Earning My Stripes: New School Rappers – Old School Samples

In this month's column, Tiger Taylor explores the multifaceted aspects of hip hop sampling.

Helloooo again, some Notion readers may be happy to hear that this week I will be introducing a bit of the UK into the column, along with the usual influence from the US.

 

At first glance, these two artists might not seem to have much in common, but what attracted me to both of them was the shared use of a specific sample. Both are highly respected in their own, very different circles. First up, with have Freddie Gibbs. Freddie is already pretty huge in the states and has a large following over this side of the pond as well… I’ve been following his career since I was about seventeen when I saw him perform at a small basement venue in London… I became obsessed with the song, “How We Do”, which samples one of my all time favourite classics, “93 ‘Till Infinity” by Souls of Mischief.

The freestyle came off the 2009 album “The Miseducation of Freddie Gibbs”. Not only is the dexterity of his rapping ability close to unparalleled, but he’s also got serious bars and style for days. One of my all-time favourite albums is the 2014 collaboration with none other than genius producer, Madlib. Not only is “Piñata” one of the best-produced albums I’ve ever heard, but I might also even go so far as to say the beats could even be a match for the likes of Dilla… As an added bonus Madlib also released a separate “Piñata Beats” album, especially for neeks like me! Freddie has so many tracks that are worth mentioning but I’ll just give you a quick few favourites off Piñata, “High”, “Deeper”, “Bomb”, “Thuggin’” and “Shame”.

As much as “Piñata” is one of my all-time favourite albums I can’t deny how much I love the stripped down, raw gangsta style of earlier albums like “The Miseducation of Freddie Gibbs” and “Midwestgangstaboxframecadillacmuzik”. With a slow steady beat and Gibbs’ super fast flow, a fine example of this raw simplicity is “Murder on my Mind”, from the latter. Some other favourites are, “Midwest Malcolm”, “County Bounce” and “Higher Learning”

If you haven’t yet experienced Freddie Gibbs, get into it ASAP. “Piñata” especially, is a must-have vinyl for any collection.

 

Next up we have Black Josh. Although their styles are very different, Freddie hailing from Gary, Indiana and Josh, Manchester, coincidentally our second artist also sampled “93 ’Til Infinity” in his 2014 release “Paul Scholes”. I think this is what first attracted me to his music as well… clearly I’m a sucker for a good sample. Samples are always a good indication of whether or not you will vibe with an artist’s work. Josh is a member of both Levelz, a collective of Manchester artists, and Blah Records collective, Cult of the Damned… he was sort of my introduction to how good UK rap can be as I had previously only really been interested in US based artists. I first fell in love with Josh’s music when I heard the song “Sleepless” from the 2016 album “Ape Tape”. The sample and the bridge are what really got me…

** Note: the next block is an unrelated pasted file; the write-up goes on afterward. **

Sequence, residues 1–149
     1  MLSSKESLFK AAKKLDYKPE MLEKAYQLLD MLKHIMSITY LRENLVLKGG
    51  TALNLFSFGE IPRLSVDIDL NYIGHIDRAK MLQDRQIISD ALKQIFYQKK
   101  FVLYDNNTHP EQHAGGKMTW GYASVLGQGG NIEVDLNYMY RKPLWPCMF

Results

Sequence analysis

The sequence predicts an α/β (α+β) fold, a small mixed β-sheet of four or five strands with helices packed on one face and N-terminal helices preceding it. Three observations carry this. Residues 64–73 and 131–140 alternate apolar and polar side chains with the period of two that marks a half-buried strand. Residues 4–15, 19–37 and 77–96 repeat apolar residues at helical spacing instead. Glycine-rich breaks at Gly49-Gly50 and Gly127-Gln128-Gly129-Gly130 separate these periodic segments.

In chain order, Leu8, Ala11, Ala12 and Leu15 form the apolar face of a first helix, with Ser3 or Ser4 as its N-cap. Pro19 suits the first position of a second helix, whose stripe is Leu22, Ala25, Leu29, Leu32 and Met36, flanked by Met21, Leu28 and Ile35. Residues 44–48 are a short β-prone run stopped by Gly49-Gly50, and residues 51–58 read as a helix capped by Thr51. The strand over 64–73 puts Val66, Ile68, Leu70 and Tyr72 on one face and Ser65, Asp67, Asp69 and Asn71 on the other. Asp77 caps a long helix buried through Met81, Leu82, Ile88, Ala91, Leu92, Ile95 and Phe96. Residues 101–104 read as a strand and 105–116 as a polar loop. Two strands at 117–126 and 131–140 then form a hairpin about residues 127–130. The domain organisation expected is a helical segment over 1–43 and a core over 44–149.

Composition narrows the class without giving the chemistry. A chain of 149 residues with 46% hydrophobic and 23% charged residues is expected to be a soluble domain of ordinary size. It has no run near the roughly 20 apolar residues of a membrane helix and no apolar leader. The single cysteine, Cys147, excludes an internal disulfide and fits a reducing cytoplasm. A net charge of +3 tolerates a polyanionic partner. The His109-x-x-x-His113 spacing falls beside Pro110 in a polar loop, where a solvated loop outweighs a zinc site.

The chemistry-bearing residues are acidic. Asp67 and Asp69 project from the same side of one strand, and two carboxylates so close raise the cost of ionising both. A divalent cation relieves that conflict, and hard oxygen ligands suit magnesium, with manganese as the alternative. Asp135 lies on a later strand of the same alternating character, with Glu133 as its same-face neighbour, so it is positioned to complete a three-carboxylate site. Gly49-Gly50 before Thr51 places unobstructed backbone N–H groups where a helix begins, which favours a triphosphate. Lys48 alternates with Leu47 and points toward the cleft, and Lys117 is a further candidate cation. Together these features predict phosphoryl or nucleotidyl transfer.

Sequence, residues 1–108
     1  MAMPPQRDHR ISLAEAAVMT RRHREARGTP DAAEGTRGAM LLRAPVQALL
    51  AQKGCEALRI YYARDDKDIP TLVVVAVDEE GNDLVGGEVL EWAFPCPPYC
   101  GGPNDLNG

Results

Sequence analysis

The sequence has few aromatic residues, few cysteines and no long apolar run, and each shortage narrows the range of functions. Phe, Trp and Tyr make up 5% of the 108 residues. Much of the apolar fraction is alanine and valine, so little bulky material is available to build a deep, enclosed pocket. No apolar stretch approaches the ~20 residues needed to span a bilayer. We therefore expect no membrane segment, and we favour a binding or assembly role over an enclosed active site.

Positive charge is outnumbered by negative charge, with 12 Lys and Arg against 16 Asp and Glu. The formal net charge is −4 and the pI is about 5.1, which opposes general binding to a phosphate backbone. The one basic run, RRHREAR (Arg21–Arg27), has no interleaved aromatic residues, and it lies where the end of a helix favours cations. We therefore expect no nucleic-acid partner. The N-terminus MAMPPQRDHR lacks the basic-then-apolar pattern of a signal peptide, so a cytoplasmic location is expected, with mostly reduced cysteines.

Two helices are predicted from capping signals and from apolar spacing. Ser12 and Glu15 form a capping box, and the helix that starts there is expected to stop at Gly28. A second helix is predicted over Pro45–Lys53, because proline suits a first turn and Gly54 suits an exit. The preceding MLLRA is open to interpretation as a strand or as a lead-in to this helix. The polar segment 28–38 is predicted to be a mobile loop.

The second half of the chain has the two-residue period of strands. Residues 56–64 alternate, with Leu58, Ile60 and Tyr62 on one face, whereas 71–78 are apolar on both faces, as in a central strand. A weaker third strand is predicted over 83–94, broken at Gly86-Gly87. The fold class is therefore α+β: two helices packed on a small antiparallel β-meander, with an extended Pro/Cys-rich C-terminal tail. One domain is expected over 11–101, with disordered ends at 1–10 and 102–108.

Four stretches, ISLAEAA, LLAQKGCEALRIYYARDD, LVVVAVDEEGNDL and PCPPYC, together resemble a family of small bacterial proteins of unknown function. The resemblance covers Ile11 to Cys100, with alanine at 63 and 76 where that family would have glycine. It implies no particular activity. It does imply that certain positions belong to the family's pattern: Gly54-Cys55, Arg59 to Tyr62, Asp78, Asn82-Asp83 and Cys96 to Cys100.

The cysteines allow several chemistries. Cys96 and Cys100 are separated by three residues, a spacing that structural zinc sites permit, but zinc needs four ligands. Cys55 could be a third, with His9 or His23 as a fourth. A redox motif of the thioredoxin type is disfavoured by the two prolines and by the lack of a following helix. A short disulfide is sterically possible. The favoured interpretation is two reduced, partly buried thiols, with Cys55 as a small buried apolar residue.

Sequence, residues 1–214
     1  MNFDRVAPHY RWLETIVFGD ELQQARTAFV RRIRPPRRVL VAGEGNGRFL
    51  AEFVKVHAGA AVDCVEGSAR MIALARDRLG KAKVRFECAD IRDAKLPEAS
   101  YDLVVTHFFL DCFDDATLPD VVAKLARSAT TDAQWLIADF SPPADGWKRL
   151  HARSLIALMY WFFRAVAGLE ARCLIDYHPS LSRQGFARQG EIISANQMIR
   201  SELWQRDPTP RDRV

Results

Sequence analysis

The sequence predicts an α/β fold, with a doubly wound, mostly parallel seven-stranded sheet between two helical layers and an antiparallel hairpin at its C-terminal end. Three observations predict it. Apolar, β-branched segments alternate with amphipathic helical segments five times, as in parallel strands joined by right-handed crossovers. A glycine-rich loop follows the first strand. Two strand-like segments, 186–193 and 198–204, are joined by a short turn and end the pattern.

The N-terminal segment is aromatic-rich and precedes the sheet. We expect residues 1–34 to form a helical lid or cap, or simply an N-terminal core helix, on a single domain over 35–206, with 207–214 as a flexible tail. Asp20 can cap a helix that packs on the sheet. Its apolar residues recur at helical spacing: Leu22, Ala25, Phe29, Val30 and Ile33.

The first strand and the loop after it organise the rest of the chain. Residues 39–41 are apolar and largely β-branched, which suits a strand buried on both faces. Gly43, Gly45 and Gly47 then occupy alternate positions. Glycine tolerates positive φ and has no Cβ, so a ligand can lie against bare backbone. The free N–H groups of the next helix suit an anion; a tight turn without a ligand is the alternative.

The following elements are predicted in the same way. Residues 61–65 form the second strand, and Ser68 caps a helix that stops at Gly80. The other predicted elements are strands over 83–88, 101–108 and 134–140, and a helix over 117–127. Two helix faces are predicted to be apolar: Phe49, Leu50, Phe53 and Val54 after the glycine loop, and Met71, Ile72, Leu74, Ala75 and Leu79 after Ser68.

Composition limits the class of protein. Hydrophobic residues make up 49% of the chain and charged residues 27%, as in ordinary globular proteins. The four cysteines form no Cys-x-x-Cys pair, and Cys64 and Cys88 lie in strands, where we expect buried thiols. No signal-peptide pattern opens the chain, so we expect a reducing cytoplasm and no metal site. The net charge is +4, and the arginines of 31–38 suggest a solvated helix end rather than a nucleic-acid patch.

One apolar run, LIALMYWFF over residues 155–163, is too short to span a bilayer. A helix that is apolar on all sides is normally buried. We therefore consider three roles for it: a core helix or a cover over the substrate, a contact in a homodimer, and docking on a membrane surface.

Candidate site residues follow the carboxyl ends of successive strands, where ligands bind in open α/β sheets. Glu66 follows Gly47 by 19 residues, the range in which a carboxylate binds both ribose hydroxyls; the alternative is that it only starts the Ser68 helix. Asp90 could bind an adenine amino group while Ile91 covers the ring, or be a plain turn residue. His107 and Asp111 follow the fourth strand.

His latest album “Yung Sweg Lawd” which released November 2018 was one of the best rap albums to come out last year, in my opinion. Josh has incredible linguistic dexterity and flow, writing some of my favourite bars and spitting them with utterly venomous finesse. A high pitched intonation and Mancunian dialect deliver his often coarse bars with a demonic tone that truly hits the spot. Spitting lines like, “Cos my mother always told me don’t get caught up in the streets/But if it wasn’t for the road I wouldn’t have found the real me/I wouldn’t have found the route out of the belly of the beast/My niggas are hungry and now I’m tellin’ em to feast”… The energetic style is satisfying in a visceral sense and feels almost cathartic. “Judge Judy”, the collaboration with Kenyan female rapper Nah Eeto gives us a dark and mysterious tone with a lurky melody and slow beat serving as the perfect undercurrent for their languid discourse. This is one of my favourite tracks off the album.

Demonstrating his scope, in total contrast with the darker tones of “Yung Sweg Lawd” and “925”, Josh also displays a softer side in “Thinkin” and “Own Ting”, the latter on which he collaborated with Eliza Doolittle, Lee Scott, Jesse James Solomon and Sniff.

This incredibly cerebral artist is one to watch for sure. Do yourself a favour and buy the album, if you haven’t already.